Milk mustache ads have long promoted the idea that drinking milk is important for children to grow strong bones. However, there are other ways for our bodies to get calcium and we may not need as much as we’ve been lead to believe. “The body derives calcium from two main sources,” says Dr. Jack Choueka, Chair of Orthopedic Surgery & Musculoskeletal Services. “The first is our dietary intake, and when that is inadequate, it pulls it from our bones. Our peak bone mass is reached by the age of 30, after which the mineral density in our bones begins to diminish, so getting proper amounts of calcium and vitamin D is important in adolescence and early adulthood.”
Dr. Choueka recommends under the age of 50 get at least 1000mg of calcium per day, while older adults try for at least 1200mg. Although milk – one cup of which has about 300mg of calcium – is a good source, it’s certainly not the only source. “Similar levels of calcium can be found in calcium-fortified orange juice, leafy green vegetables and certain fish,” Dr. Choueka explains. Calcium supplements are also available for people who don’t get enough from their diet.
Even more surprising, the main reason you’re drinking all that milk may not even apply. According to Dr. Choueka, the notion of higher calcium intake reducing the risk of broken bones is theoretical. It’s important to get enough calcium, but too much is not good either. Studies have shown no reduction in fracture risk with more than the recommended levels of consumption. In fact, there are risks associated with an excess of calcium intake, including the development of gallstones and kidney stones, and an increased risk of heart disease. “Milk, as well as other dairy products, is high in saturated fats which carries the risk of heart disease. High lactose intake has also been implicated in some increased risk for ovarian cancer in women and prostate cancer in men,” Dr. Choueka adds.
Verdict: True, with a caveat – Milk does a body good, depending on how much of it you’re drinking. ” The exact amounts are still a bit controversial, but we do know that too little calcium and too much calcium are both not good,” says Dr. Choueka.
Is milk the best source of calcium?
Recommendations for calcium intake range depending on age but in general people 50 and younger should get at least 1000 mg per day with older people at least 1200 mg. Milk is a good source of calcium but certainly not the only source. 1 cup of milk has about 300 mg of calcium. Similar levels of calcium can be found in calcium fortified Orange juice, leafy green vegetables and certain fishes. So if you don’t like milk don’t worry there are other ways to get your calcium. Calcium supplements are also available for people who can’t get enough from their diet
Is it recommended to drink three glasses of milk per day?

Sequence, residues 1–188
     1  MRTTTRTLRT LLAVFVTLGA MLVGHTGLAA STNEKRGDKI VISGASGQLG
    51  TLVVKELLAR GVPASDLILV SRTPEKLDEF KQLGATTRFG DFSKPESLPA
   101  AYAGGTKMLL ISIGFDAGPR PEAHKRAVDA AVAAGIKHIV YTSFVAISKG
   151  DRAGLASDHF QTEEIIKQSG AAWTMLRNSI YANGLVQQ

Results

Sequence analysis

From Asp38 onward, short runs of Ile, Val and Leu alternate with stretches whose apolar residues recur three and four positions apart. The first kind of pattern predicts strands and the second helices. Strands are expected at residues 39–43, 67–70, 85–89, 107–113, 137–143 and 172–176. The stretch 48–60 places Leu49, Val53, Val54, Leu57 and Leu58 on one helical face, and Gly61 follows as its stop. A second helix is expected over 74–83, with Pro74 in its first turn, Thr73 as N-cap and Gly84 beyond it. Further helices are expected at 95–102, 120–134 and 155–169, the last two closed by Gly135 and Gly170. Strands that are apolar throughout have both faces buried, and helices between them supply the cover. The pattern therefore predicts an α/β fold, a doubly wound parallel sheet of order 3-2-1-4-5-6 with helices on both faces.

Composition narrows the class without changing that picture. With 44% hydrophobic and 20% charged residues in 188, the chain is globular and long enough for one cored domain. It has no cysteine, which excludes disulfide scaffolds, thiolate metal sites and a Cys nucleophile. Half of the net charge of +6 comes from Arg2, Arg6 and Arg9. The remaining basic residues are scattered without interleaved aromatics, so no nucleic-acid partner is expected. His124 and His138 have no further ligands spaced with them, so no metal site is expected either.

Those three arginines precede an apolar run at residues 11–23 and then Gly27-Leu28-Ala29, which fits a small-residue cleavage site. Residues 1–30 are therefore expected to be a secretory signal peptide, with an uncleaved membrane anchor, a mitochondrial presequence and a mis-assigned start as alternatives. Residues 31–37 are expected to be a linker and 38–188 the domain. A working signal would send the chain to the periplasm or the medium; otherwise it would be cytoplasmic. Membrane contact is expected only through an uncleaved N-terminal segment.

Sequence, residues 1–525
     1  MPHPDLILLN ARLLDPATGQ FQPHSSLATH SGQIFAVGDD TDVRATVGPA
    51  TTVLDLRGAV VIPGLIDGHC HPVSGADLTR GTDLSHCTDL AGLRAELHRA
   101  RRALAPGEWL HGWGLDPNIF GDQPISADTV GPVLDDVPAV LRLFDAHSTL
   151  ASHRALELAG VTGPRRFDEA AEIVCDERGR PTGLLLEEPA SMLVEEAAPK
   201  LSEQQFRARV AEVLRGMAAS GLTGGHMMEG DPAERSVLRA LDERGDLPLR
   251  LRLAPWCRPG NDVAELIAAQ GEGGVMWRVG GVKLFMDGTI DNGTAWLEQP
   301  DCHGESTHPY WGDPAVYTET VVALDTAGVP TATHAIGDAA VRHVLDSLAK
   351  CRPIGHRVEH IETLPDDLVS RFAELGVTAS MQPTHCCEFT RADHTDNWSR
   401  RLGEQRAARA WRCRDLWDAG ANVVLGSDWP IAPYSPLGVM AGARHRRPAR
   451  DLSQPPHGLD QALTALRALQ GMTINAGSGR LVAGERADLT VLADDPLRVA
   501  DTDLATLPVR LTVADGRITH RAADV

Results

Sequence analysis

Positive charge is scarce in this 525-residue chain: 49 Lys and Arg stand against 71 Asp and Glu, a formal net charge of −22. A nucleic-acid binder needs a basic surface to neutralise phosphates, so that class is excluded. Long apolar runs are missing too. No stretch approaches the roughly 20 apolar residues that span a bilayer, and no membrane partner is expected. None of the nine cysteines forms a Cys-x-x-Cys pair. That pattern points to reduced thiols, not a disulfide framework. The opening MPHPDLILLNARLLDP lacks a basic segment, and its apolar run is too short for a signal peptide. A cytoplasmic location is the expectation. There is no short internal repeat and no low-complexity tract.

Although probably no great harm for most people, there could be some risks for some people to consume large amounts of milk. For instance those that are lactose intolerant should avoid this. Milk as well as other dairy products is high in saturated fats which carries risks of heart disease. High lactose intake has also been implicated in some increased risk for ovarian cancer in women and prostate cancer in men.
Is there a correlation between calcium intake and lower risk of fracture?
There has been a lot of focus on this recently. Traditionally the benefits of calcium as it pertains to reduction of fracture risk have been theoretical. The body derives calcium from 2 main sources. First is our dietary intake and when that is inadequate it pulls it from the bones. While the calcium pulled from the bones can be replaced it can also lead to a condition where the bones are weakened. So intuitively you would think that poor calcium intake will lead to weaker bones and thus more fractures. Large studies though have been conducted that showed some risk for more fractures in those that consumed a very calcium poor diet (less than 700mg per day) There was no reduction in fracture risk more consumption . In fact in those with extremely high calcium intake the risk of fractures also increased. So currently my suggestion would be to get enough but not too much calcium.
Excessive calcium intake carries other risks such as development of gallstones and kidney stones and recently has been shown to increase risk of heart disease
Is there a correlation between calcium intake and prevention of osteoporosis?
Since our peak bone mass is reached by the age of 30, getting proper amounts of calcium and vitamin D is important in adolescence and early adulthood. As we get older and the mineral density in our bones diminishes the importance of getting appropriate calcium and Vitamin D again arises. The exact amounts are still a bit controversial but we do know that too little and too much are no good.